Show only ignored files in the output. When showing files in the
           index, print only those matched by an exclude pattern. When showing
           "other" files, show only those matched by an exclude pattern.
           Standard ignore rules are not automatically activated, therefore at
           least one of the --exclude* options is required.

       -s, --stage
           Show staged contents' mode bits, object name and stage number in
           the output.

           If a whole directory is classified as "other", show just its name
           (with a trailing slash) and not its whole contents.

           Do not list empty directories. Has no effect without --directory.

       -u, --unmerged
           Show unmerged files in the output (forces --stage)

       -k, --killed
           Show files on the filesystem that need to be removed due to
           file/directory conflicts for checkout-index to succeed.

           \0 line termination on output and do not quote filenames. See
           OUTPUT below for more information.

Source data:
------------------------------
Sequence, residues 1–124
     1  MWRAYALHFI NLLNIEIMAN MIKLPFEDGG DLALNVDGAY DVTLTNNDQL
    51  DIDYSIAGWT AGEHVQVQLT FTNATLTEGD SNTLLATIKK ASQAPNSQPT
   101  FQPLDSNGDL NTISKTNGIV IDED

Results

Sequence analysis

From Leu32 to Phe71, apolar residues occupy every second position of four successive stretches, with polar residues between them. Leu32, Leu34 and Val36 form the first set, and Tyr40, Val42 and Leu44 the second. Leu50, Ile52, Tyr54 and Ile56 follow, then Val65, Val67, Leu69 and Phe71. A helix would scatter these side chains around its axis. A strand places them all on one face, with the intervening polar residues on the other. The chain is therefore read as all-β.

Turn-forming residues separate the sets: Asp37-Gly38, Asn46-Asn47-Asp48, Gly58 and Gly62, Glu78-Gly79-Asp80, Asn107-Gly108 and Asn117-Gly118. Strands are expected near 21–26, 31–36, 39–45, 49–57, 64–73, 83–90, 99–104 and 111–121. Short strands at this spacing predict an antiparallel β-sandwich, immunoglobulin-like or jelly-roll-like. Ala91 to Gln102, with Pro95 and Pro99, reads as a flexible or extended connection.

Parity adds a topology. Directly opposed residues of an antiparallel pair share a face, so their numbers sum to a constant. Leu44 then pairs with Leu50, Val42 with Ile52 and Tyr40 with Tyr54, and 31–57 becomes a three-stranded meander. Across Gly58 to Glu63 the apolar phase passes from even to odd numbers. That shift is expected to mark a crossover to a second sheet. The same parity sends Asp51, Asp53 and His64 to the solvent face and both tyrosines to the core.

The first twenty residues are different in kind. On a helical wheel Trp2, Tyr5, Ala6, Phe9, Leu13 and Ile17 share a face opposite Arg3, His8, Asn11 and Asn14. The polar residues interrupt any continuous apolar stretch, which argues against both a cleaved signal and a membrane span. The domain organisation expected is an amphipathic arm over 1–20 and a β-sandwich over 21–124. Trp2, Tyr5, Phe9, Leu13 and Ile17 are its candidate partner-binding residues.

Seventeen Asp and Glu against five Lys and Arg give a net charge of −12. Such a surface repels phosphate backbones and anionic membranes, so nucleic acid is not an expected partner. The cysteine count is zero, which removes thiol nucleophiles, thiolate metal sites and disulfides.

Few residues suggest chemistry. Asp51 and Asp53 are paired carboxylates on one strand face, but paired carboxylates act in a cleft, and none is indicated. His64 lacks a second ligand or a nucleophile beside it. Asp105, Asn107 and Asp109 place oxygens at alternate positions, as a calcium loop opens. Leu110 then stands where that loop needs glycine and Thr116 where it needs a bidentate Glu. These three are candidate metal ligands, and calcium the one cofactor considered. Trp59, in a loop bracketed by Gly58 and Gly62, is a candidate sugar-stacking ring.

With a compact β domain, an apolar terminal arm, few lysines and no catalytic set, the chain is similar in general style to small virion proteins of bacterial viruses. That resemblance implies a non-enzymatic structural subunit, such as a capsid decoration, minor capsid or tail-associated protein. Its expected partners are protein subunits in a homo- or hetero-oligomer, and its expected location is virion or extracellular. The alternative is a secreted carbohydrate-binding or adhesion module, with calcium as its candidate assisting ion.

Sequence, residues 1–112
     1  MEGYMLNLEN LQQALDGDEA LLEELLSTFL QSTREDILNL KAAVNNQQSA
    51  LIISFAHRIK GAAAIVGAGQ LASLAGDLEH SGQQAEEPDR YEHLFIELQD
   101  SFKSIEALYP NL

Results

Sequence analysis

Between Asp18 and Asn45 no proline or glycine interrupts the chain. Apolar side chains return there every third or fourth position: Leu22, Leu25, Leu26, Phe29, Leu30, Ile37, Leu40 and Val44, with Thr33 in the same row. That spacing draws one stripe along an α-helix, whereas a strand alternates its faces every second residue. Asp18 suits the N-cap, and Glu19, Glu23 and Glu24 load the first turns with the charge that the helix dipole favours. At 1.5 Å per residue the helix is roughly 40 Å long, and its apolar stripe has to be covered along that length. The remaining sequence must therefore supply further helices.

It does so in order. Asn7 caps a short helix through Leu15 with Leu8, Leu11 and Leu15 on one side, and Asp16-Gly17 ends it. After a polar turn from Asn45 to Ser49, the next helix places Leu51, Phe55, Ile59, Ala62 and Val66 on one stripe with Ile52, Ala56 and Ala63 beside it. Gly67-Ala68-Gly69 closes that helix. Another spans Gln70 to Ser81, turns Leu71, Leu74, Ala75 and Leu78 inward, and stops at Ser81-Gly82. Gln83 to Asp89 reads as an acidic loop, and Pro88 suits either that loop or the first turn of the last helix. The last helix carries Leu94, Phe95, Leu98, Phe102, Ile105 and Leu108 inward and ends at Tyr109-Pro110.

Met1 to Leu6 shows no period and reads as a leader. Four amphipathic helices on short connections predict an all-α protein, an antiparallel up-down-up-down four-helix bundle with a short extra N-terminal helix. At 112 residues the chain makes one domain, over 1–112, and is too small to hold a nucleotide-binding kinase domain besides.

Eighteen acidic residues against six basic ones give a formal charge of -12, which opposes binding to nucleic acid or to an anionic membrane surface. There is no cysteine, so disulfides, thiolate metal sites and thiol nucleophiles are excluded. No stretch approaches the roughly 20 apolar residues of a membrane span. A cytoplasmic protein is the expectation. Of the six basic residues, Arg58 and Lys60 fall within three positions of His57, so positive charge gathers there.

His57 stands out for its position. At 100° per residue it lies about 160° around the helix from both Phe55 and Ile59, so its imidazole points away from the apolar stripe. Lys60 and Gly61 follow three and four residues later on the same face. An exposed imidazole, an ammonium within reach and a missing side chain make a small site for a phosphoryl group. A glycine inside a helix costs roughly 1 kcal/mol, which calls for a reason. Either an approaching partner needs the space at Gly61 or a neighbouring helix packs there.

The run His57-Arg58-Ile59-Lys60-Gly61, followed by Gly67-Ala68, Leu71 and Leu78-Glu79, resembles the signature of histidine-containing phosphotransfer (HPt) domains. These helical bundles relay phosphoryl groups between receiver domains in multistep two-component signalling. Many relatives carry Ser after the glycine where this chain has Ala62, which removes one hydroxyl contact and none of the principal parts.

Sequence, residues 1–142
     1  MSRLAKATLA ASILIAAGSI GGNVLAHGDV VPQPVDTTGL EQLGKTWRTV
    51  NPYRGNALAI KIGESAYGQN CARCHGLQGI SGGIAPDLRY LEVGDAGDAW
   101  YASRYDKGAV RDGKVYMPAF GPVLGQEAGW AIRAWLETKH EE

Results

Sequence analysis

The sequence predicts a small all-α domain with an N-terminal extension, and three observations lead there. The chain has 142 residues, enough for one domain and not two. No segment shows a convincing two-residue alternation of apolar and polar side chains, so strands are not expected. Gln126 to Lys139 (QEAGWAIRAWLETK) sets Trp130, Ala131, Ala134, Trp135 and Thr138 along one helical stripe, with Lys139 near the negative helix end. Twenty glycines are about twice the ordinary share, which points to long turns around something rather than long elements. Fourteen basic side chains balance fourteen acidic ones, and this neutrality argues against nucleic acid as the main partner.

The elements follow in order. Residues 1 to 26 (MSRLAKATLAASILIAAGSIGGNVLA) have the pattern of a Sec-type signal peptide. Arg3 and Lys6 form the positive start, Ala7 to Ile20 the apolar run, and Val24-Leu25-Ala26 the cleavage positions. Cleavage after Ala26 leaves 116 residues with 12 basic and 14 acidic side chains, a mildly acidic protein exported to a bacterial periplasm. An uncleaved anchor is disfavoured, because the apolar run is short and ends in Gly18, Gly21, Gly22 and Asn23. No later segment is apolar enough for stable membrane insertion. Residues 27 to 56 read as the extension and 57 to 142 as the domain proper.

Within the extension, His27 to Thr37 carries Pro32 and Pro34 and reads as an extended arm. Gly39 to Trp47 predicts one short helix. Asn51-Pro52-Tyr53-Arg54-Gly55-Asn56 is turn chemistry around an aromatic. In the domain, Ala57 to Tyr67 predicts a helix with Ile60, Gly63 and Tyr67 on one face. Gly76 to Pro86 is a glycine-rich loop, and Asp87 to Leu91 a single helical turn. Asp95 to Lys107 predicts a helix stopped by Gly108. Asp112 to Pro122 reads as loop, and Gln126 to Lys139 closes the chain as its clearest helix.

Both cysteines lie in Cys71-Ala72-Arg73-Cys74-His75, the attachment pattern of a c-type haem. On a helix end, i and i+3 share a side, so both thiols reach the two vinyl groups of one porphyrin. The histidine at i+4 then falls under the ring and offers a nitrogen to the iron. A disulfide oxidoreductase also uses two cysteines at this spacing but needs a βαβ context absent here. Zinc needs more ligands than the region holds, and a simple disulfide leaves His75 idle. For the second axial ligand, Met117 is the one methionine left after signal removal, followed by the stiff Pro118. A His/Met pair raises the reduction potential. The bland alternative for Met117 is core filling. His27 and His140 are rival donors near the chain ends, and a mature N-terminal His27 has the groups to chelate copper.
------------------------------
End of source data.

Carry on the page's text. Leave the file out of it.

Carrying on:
When only filenames are shown, suppress duplicates that may come
           from having multiple stages during a merge, or giving --deleted and
           --modified option at the same time. When any of the -t, --unmerged,
           or --stage option is in use, this option has no effect.

       -x <pattern>, --exclude=<pattern>
           Skip untracked files matching pattern. Note that pattern is a shell
           wildcard pattern. See EXCLUDE PATTERNS below for more information.

       -X <file>, --exclude-from=<file>
           Read exclude patterns from <file>; 1 per line.

           Read additional exclude patterns that apply only to the directory
           and its subdirectories in <file>.

           Add the standard Git exclusions: .git/info/exclude, .gitignore in